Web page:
The Trompowsky Attack is a slightly unusual opening that originates from the Queens Pawn Opening. This is not a very lethal opening but it is still considered as aggressive. The Trompowsky Attack is named after the one time Brazilian World Champion Octávio Trompowsky. This opening was also called The Zot. There are games in which Magnus Carlsen used the Trompowsky Attack. The Encyclopedia of Chess Openings (ECO) classifies this opening under the categories of A45.
In this opening, white immediately develops its bishop to an active spot. Given a chance, white would usually capture on f6 resulting in a double pawn structure for black.
Pros and Cons of the Trompowsky Attack
Some of the advantages of this opening are:
- It is a fairly aggressive opening that is caused by an imbalanced pawn structure
- This opening leads to original play. This is a great quality for conventional players who are well versed with most lines of the game
- The Trompowsky Attack is one of the trickiest openings in the game of chess. This is because white is almost always successful in capturing the f6 knight and doubling pawns for black
Some of the disadvantages of this opening are:
- White may be forced to concede both of its bishops early on in the game. This leads to a loss of material and variety in the attacking arsenal
- To gain time, black can keep chasing the white bishop on g5. This will allow black to gain ample space for major piece development as well
- The bishop is often used to protect whites b2 pawn from attacks. The absence of the bishops will weaken the b2 square up to a great extent
The moves involved in this opening are:
- d4 Nf6
Let us now learn about some of the variations of the Trompowsky Attack
Those players familiar with the Trompowsky Attack are well aware of white’s intentions. They know that white is more than willing to capture the knight on f6. Instinctively, most players chose to move their knight out of the way to avoid capture. Players who are not familiar with the Trompowsky Attack as well chose this variation to avoid the threat of capture. For this reason, the Ne4 variation has become the most popular variation of this opening.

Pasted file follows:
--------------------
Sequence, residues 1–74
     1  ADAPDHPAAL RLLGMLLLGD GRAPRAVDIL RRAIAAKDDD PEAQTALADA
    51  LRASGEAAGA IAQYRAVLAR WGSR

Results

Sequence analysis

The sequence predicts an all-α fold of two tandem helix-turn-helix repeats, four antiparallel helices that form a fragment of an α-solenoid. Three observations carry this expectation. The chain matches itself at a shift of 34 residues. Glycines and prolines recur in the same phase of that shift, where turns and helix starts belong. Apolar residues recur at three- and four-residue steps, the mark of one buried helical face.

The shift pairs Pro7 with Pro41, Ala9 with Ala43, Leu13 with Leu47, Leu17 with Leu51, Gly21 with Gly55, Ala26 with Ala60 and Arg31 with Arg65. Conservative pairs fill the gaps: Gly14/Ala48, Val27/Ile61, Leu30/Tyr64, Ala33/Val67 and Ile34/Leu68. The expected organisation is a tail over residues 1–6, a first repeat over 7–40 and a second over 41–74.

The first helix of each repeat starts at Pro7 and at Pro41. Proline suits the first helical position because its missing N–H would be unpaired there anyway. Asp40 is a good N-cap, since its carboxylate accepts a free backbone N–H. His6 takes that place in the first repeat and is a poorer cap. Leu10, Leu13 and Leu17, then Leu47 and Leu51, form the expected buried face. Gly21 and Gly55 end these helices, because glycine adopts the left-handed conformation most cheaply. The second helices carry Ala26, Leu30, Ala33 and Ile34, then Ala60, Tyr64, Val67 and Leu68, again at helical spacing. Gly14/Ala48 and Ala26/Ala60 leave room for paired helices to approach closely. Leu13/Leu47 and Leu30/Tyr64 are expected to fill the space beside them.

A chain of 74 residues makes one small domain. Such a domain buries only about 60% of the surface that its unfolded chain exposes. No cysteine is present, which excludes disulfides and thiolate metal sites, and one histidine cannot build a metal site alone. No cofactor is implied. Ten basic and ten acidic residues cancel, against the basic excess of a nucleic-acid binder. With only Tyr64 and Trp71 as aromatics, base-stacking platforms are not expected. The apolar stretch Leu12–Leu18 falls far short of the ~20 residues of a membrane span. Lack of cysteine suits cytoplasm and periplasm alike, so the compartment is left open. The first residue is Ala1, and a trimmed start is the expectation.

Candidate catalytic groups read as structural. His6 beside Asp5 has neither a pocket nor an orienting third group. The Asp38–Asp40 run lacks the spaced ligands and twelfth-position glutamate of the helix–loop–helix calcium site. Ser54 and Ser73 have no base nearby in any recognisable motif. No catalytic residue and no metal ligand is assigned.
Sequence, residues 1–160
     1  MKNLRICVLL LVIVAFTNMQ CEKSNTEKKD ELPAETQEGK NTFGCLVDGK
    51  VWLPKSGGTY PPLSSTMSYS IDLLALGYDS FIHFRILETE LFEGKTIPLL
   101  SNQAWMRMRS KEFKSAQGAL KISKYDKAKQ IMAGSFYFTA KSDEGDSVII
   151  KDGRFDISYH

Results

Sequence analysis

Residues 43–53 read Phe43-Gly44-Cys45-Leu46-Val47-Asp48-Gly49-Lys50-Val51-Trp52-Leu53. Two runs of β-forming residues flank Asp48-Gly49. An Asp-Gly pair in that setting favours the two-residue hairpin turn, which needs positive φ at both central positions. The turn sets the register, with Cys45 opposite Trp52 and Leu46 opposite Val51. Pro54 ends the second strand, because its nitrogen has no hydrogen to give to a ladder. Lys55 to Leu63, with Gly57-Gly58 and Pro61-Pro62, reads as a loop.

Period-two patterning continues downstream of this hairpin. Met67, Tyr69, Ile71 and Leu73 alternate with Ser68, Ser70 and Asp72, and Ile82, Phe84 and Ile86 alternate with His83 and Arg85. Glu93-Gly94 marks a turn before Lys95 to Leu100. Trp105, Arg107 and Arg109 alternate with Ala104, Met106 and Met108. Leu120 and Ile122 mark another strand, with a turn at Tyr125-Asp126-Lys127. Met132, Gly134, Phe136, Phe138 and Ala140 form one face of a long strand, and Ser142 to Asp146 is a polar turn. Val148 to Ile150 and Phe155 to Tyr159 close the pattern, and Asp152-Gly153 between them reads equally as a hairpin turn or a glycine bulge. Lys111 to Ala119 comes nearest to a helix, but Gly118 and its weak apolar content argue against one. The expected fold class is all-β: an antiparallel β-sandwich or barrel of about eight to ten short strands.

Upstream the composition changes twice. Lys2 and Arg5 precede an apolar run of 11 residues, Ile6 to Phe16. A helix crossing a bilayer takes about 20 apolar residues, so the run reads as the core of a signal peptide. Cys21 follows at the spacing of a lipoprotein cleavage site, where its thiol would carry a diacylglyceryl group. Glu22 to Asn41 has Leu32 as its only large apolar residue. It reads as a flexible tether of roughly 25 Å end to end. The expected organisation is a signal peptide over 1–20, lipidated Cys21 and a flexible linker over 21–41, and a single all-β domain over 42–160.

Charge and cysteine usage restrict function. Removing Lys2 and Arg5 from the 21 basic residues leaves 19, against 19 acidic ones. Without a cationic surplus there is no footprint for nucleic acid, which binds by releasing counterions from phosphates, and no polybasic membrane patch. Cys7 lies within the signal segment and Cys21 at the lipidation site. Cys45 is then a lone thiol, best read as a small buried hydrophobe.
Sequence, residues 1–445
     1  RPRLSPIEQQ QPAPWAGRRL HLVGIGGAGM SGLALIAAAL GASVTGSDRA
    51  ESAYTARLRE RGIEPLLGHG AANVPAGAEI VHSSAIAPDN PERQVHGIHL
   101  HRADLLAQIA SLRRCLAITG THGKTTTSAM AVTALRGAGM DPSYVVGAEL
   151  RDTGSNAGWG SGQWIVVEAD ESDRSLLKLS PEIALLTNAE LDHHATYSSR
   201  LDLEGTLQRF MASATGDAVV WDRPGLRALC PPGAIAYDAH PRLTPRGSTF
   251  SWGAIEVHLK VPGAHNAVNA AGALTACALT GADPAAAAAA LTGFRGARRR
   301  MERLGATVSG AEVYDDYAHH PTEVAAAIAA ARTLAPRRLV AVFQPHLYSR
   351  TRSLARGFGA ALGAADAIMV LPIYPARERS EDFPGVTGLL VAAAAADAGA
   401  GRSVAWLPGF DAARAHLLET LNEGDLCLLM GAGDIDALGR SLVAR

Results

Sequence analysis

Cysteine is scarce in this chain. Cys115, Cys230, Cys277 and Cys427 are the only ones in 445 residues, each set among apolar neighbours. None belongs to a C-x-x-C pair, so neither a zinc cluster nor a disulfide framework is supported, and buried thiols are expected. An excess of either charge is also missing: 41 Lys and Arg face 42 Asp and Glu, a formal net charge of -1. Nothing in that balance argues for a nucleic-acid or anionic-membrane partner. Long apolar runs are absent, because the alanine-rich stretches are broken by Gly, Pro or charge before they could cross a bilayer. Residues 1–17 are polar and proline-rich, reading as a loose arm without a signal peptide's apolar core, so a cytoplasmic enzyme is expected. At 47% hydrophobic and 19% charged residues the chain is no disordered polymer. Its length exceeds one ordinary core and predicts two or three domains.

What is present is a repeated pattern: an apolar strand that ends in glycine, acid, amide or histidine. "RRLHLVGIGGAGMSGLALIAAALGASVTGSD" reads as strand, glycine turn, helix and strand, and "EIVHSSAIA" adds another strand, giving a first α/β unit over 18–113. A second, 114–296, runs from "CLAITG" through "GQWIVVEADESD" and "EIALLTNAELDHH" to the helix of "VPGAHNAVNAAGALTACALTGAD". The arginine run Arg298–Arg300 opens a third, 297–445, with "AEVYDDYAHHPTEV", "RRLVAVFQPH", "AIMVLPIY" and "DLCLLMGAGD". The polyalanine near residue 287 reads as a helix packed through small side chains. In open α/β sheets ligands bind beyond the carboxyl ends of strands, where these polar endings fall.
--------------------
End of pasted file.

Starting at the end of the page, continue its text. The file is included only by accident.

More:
The moves involved in the Ne4 variation are:
- d4 Nf6
- Bg5 Ne4
Moving the Knight to e4 solves two purposes. Firstly, it moves the knight out of harms way to a safer square. Secondly, it is now attacking the same white bishop that was threatening it with an attack later. Further, this variation also avoids the doubled pawn structure that would result if an exchange did take place.
Classical Defence Variation
The Classical Defence is another way to handle the Trompowsky Attack from White. By moving the e7 pawn to e6, black avoids the possibility of a double pawn structure. This is because the Queen is now defending the Knight on f6. Black voluntarily pins the Knight to its Queen. This move will result in a lack of pace in Blacks gameplay. White should take advantage of this situation by developing its center and fortifying it.
The moves involved in the Classical Defence Variation are:
- d4 Nf6
- Bg5 e6
The most logical move for white at this stage would be e4. If black does not deter this attack, e5 would result in the capture of the black knight. This is because it cannot risk moving its knight that it is pinned to the Queen. Black almost always replies with h6. At this stage, the risk of playing with a doubled pawn structure is better than playing without a knight.
This is a solid variation of the Trompowsky Attack although not very popular among players. If you see carefully, black rejected the idea of a symmetrical d4 d5 opening in the first move when it chose to play Nf6. But now, while playing d5 it seems that black has had a shift in its vision. The great aspect about the d5 variation is that it is very flexible and it can transpose into any other attack or defence.
The moves involved in the d5 variation are:
- d4 Nf6
- Bg5 d5
If White intends to continue with the Trompowsky, it will capture the black knight on f6. Black will then recapture using its pawns, ideally the e7 pawn. This is because if black intends to castle later on, it may cause problems if done otherwise.
Further Reading 1: https://www.ichess.net/blog/veco-trompowsky-attack-crush-c5-variation/
Further Reading 2: https://en.chessbase.com/post/trompowsky-for-the-attacking-player